Strange Case of Dr. Jekyll and Mr. Hyde
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Strange Case of Dr. Jekyll and Mr. Hyde

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ISBN-13:
9782819917847
Einband:
EPUB
Seiten:
103
Autor:
Robert Louis Stevenson
eBook Typ:
Adobe Digital Editions
eBook Format:
EPUB
Kopierschutz:
Adobe DRM [Hard-DRM]
Sprache:
Englisch
Beschreibung:

pubOne.info thank you for your continued support and wish to present you this new edition. Mr. Utterson the lawyer was a man of a rugged countenance that was never lighted by a smile; cold, scanty and embarrassed in discourse; backward in sentiment; lean, long, dusty, dreary and yet somehow lovable. At friendly meetings, and when the wine was to his taste, something eminently human beaconed from his eye; something indeed which never found its way into his talk, but which spoke not only in these silent symbols of the after-dinner face, but more often and loudly in the acts of his life. He was austere with himself; drank gin when he was alone, to mortify a taste for vintages; and though he enjoyed the theater, had not crossed the doors of one for twenty years. But he had an approved tolerance for others; sometimes wondering, almost with envy, at the high pressure of spirits involved in their misdeeds; and in any extremity inclined to help rather than to reprove. I incline to Cain's heresy, he used to say quaintly: I let my brother go to the devil in his own way. In this character, it was frequently his fortune to be the last reputable acquaintance and the last good influence in the lives of downgoing men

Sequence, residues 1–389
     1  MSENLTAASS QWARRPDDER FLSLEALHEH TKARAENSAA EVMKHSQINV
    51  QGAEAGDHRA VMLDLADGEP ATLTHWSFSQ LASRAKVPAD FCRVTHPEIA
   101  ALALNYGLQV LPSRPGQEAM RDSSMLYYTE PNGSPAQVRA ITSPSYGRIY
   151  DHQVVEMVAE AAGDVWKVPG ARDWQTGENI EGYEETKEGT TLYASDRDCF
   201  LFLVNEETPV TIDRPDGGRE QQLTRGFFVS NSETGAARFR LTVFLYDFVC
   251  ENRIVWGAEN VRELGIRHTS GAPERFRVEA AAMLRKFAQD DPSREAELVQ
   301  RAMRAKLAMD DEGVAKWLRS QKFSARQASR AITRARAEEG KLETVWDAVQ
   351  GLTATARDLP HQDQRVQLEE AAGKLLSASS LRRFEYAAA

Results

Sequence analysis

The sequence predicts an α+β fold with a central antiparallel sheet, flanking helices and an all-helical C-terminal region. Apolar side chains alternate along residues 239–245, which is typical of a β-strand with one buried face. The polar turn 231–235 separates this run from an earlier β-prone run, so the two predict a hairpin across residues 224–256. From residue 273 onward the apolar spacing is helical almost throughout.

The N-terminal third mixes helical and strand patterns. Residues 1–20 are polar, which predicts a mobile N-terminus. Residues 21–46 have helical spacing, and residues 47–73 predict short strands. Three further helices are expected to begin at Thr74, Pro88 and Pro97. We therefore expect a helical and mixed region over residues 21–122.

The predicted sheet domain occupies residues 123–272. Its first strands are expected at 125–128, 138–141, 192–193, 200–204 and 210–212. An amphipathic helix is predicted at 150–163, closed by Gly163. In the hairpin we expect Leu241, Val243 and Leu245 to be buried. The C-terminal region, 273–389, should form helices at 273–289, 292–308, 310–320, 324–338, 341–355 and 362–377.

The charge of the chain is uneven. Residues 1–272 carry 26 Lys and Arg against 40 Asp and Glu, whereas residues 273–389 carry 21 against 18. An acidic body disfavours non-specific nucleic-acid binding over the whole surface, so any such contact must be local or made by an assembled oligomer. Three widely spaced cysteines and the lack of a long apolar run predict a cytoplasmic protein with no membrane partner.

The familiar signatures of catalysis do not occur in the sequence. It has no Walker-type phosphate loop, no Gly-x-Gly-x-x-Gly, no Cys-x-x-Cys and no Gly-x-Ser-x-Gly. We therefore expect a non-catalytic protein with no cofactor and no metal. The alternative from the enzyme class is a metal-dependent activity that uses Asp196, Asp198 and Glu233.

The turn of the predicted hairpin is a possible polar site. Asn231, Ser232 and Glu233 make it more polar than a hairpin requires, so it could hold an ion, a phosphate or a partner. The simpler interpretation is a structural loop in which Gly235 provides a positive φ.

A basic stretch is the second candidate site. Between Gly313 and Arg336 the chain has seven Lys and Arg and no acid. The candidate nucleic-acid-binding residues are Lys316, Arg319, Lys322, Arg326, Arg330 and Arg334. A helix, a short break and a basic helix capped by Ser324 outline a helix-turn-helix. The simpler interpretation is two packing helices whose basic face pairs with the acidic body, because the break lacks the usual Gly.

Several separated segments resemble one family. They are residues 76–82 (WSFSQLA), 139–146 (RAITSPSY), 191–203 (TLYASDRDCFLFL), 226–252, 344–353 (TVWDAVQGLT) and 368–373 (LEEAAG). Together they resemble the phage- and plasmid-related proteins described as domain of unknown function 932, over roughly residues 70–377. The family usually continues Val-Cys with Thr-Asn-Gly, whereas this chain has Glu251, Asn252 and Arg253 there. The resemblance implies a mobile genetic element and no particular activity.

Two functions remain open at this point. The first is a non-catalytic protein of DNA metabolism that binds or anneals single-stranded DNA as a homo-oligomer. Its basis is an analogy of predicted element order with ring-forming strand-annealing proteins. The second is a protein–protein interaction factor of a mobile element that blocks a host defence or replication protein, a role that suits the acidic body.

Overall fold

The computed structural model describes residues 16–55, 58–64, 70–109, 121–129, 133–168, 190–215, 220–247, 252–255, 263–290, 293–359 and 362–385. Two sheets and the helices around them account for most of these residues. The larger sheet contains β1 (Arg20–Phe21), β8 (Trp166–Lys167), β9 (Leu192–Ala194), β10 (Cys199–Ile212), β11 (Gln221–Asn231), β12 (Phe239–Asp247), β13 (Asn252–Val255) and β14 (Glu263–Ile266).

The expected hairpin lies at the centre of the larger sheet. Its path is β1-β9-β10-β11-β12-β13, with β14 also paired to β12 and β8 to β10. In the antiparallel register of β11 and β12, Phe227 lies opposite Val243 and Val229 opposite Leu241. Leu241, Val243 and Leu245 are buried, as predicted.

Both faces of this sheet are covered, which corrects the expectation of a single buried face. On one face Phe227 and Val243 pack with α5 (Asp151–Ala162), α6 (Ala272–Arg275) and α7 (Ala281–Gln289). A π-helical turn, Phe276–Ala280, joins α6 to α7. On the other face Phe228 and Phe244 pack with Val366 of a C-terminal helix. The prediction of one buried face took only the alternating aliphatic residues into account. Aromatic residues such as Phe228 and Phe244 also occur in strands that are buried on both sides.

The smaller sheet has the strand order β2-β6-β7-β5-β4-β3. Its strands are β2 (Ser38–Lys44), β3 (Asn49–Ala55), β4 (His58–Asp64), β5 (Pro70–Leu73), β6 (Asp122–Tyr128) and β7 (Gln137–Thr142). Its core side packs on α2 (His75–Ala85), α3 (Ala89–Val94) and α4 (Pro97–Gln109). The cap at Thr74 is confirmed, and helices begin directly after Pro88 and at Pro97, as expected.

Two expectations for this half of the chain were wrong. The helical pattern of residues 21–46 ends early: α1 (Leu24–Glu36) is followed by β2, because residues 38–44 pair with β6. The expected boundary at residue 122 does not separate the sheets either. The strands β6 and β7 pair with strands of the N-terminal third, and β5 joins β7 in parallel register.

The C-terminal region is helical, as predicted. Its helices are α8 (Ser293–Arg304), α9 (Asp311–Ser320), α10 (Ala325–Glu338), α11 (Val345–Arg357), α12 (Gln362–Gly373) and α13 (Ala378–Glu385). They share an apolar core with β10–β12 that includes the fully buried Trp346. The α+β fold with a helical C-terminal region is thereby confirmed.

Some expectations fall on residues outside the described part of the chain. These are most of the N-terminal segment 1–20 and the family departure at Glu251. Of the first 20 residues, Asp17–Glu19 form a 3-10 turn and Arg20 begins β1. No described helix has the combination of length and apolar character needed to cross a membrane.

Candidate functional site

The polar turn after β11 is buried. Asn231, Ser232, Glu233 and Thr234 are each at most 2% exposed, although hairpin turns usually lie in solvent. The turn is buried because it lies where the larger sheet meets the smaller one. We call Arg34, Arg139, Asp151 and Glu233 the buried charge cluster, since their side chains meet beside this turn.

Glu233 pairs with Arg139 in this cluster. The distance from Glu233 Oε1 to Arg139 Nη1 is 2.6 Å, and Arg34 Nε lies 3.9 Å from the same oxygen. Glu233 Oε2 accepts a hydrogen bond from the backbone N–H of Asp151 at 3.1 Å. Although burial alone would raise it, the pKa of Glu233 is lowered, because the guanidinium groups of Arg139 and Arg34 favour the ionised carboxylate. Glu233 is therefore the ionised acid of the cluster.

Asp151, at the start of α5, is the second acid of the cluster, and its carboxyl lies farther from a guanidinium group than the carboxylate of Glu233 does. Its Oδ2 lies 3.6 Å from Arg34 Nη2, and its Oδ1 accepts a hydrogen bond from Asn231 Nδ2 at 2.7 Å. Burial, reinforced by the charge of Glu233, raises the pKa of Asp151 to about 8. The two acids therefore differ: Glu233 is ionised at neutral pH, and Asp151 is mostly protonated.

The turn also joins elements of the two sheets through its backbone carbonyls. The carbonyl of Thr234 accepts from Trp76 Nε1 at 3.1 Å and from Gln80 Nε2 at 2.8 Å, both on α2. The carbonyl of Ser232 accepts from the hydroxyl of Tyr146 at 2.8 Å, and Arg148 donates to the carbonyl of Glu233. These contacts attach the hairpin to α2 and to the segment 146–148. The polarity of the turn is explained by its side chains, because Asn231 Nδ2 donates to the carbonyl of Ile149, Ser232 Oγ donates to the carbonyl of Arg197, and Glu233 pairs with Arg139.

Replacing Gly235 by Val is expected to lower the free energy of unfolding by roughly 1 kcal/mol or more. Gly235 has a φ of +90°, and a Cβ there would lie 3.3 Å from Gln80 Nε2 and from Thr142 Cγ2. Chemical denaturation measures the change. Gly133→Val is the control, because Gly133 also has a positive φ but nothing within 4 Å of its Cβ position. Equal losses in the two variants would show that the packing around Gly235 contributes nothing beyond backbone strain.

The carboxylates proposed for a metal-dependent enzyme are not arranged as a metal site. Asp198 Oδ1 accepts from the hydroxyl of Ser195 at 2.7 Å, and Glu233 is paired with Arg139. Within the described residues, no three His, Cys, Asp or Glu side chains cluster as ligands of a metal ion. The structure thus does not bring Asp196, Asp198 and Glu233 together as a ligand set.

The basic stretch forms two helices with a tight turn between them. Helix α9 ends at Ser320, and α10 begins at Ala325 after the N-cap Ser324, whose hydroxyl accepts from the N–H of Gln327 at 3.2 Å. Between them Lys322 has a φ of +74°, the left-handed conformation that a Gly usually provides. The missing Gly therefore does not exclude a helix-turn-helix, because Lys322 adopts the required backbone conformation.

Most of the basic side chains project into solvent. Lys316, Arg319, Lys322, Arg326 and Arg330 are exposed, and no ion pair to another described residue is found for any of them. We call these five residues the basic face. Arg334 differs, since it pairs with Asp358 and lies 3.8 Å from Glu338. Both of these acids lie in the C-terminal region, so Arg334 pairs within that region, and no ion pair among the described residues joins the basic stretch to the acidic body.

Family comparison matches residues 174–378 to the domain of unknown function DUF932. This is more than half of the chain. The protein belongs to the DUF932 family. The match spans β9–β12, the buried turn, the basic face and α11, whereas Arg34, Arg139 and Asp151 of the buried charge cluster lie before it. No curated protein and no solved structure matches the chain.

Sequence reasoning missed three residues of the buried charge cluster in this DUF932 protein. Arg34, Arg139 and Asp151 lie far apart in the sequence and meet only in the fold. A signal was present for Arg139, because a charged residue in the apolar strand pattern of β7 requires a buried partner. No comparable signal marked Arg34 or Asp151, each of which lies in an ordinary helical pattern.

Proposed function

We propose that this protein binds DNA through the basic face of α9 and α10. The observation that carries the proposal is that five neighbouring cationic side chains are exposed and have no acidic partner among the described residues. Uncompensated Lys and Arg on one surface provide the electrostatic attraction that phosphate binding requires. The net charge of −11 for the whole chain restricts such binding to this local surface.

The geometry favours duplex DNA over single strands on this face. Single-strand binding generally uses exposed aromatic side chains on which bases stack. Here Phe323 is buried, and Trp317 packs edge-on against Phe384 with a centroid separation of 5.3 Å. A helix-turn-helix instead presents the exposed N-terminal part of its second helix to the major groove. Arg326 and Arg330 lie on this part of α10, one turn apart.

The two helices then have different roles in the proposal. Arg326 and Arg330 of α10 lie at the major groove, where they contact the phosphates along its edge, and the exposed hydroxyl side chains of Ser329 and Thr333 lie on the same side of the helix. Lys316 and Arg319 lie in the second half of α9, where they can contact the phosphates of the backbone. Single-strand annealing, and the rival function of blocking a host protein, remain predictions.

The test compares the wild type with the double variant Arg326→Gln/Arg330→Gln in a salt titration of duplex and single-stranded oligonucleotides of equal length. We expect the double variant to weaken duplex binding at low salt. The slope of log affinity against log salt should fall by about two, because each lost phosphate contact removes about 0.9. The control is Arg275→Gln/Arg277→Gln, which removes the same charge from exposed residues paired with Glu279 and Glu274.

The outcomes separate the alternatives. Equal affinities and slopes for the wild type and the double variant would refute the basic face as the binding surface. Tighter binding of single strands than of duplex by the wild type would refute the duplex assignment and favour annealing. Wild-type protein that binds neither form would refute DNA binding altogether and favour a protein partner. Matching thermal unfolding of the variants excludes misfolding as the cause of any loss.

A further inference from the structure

pubOne.info thank you for your continued support and wish to present you this new edition. Mr. Utterson the lawyer was a man of a rugged countenance that was never lighted by a smile; cold, scanty and embarrassed in discourse; backward in sentiment; lean, long, dusty, dreary and yet somehow lovable. At friendly meetings, and when the wine was to his taste, something eminently human beaconed from his eye; something indeed which never found its way into his talk, but which spoke not only in these silent symbols of the after-dinner face, but more often and loudly in the acts of his life. He was austere with himself; drank gin when he was alone, to mortify a taste for vintages; and though he enjoyed the theater, had not crossed the doors of one for twenty years. But he had an approved tolerance for others; sometimes wondering, almost with envy, at the high pressure of spirits involved in their misdeeds; and in any extremity inclined to help rather than to reprove. I incline to Cain's heresy, he used to say quaintly: I let my brother go to the devil in his own way. In this character, it was frequently his fortune to be the last reputable acquaintance and the last good influence in the lives of downgoing men